Ezra + Tuba took on Tech and gave Fashion Butterflies

“The future of clothing as we know it is about to change. To be a part of this change we need technology.” ~ Tuba Çetin

Sisters Tuba and Ezra Cetin of Fashion design label Ezra+Tuba [Image: Baran Akkoyunlu]
Sisters Tuba and Ezra Cetin of Fashion design label Ezra+Tuba [Image: Baran Akkoyunlu]
The butterfly effect. In the chaos theory, this is used to explain how a small event –such as a butterfly flapping its wings – can lead to much larger consequences. So sisters and designing duo Ezra and Tuba Çetin chose a butterfly inspired dress as their pièce de résistance for their opening fashion show for their 2015 collection called ‘Beginning’ in Istanbul for Fashionist.  The collection, which consisted of specially weaved fabrics and silks with gem embroidery details, featured pieces that were designed and then reinterpreted using technology. However, the butterfly dress held more significance as it stood as a metaphor of technology being the butterfly effect that the fashion industry needs to go through in its metamorphosis to embrace the future.

 

The Istanbul-based Turkish designers and sisters are no strangers to fashion. In fact, their family owns a textile company and probably played a major inspiration for them going to design school and eventually launching their Ezra+Tuba brand in 2003.  Having already entered the European market, showcasing in fashion capitals such as Milan, Paris and Barcelona, these creatives definitely had to push the envelope to keep their brand growing.

[Image: Courtesy of Intel]
[Image: Courtesy of Intel]
Enter Intel. With their tech and the sisters ‘design style’, the idea to create a dress equipped with 40 moving butterflies was born, and beautifully brought to life. This creation falls into the mechanized fashion category of wearable technology because, as seen in the video above, the butterflies slowly flap their wings. The interesting twist is that they increase their flapping speed when someone approaches the wearer. If that wasn’t cool enough, they can launch into flight when the dress’ inbuilt proximity sensor is triggered by the approaching person or through communication from a mobile device; you know, if you ever needed that grand entrance. [I wouldn’t be surprised if this became the next hottest bridal trend since the bird cage]. This was explained by a software development engineer at Intel Labs Europe, Çağrı Tanrıöver, who worked with Ezra+Tuba to find a way to integrate the Intel Edison compute module technology into the design.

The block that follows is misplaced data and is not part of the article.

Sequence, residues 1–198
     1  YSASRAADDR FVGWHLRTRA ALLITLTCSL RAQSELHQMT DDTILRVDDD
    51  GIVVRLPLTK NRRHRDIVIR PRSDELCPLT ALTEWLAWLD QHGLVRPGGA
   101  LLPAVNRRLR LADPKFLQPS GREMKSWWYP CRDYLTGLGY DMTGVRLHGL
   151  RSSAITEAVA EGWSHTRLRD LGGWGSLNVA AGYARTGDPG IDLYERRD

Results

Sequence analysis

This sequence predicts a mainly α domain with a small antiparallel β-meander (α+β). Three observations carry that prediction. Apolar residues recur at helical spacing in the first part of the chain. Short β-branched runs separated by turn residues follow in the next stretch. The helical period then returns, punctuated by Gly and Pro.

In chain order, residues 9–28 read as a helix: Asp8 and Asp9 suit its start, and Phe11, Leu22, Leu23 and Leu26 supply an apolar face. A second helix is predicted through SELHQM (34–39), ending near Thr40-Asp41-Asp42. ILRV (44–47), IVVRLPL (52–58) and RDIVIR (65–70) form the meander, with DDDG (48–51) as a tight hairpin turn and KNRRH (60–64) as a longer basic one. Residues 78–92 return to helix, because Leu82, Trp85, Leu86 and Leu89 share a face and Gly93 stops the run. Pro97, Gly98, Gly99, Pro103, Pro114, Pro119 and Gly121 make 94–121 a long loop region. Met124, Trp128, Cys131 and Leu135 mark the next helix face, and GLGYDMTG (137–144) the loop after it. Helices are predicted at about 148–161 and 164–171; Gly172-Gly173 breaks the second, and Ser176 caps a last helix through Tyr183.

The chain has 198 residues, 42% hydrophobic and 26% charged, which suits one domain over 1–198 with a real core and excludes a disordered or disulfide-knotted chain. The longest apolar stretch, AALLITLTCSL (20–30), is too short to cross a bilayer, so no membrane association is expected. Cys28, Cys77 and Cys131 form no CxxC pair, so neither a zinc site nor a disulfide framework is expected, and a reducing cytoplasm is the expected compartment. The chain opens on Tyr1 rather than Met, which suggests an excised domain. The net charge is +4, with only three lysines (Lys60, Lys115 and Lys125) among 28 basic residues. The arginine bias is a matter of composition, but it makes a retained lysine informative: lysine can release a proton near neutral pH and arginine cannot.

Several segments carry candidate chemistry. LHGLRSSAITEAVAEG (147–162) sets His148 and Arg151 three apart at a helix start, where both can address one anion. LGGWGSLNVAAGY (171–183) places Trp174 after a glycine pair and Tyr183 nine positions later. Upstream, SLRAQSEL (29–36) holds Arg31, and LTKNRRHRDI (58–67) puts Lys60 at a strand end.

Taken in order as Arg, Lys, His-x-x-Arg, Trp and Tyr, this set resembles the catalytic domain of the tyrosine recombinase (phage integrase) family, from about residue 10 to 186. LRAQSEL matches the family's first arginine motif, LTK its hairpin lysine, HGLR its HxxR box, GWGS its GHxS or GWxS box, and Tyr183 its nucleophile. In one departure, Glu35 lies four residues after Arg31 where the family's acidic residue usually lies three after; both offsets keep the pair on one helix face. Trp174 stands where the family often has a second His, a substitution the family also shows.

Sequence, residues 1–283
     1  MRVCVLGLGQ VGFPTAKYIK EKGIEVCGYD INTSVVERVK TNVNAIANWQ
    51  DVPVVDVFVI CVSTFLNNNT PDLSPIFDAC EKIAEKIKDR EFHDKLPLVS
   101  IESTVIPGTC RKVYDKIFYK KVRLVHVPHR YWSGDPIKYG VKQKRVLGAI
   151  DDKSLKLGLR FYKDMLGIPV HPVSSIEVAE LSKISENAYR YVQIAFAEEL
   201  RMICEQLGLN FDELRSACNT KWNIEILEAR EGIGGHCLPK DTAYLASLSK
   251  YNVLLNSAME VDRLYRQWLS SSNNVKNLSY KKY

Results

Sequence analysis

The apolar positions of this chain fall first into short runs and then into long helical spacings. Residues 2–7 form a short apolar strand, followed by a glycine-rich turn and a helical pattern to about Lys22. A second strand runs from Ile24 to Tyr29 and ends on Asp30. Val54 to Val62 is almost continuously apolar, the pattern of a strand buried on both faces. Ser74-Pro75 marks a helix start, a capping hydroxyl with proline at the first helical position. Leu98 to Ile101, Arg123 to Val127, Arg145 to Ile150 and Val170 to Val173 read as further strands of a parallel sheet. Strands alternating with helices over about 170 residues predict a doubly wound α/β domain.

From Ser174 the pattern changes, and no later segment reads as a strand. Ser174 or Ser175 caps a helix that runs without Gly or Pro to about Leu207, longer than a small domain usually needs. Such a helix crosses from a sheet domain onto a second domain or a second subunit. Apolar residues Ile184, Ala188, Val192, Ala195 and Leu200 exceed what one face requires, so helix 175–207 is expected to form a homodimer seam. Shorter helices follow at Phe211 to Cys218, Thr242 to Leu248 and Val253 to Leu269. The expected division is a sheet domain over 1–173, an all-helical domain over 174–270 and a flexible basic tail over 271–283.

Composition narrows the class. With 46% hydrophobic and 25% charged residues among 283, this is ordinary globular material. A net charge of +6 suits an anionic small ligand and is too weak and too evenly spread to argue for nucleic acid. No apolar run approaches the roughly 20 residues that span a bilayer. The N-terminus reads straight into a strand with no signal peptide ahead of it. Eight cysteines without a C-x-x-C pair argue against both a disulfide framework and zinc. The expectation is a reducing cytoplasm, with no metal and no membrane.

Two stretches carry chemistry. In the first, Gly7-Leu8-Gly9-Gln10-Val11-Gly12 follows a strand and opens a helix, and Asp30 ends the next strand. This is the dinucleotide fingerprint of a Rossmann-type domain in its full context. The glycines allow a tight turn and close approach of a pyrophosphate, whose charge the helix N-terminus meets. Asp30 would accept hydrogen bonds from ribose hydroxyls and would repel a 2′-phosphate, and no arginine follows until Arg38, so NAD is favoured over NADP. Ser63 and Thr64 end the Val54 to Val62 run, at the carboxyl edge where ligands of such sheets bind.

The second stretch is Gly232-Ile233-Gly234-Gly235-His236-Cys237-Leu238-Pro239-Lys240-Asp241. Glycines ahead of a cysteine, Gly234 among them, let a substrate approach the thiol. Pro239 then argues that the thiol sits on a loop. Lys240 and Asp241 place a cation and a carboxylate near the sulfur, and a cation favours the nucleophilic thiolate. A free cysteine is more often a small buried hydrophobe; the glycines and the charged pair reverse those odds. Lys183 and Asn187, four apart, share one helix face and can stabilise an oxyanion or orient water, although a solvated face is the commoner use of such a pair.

[Image: Courtesy of Intel]
[Image: Courtesy of Intel]
The wearable aspect was an integral aspect for the designers, as they wanted to create an improved quality of life for the wearer but still retaining the right to looking fashionable; a direction that mechanized fashion seems to be heading in. Come to think of it, mechanized fashion seems to be popping up more often in modern fashion projects. Especially in recent prototypes and products in athletics gear which is doing everything from sensing sweat and reading body stats, to boosting the athlete’s performance. But we’re also seeing a lot of pieces, such as the spider dress or incertitudes dress by Gao, that want to play a part in protecting the wearer during human interaction. Check out the incertitudes here.

[Image: boudoirnumerique.com]
[Image: boudoirnumerique.com]
With all these advancements, the modern consumer is more aware about the world around them and actively seeking more happiness and comfort in their quality of life.  The sister duo may have been born in the world of fashion, and have had the chance to work with power house brands such as Victoria’s Secrets, but they have found a way to find balance and an authentic difference to make them stand out. They still stay true to their traditions that influence their design such as the Seljuk-era attire and Anatolian cultural inspiration in their clothes. But they are adapting their designs to incorporate smart materials and wearable technology that would essentially help the wearer.  Or as they put it in an interview with the Daily Sabah, “[w]hat we believe is that this innovative concept will break the vicious cycle that exists in the fashion world. A new era will begin in which performance and comfort will surpass traditional form. Design and fashion do require technology, but technology also needs design and fashion.”

Tuba (left) and Ezra Çetin in their Istanbul studio [Image: iQ Intel]
Tuba (left) and Ezra Çetin in their Istanbul studio [Image: iQ Intel]
For designers on the continent, the question becomes, are you doing market research to create products that have the potential to meet your consumers’ needs in a faster and easier way?

 

 

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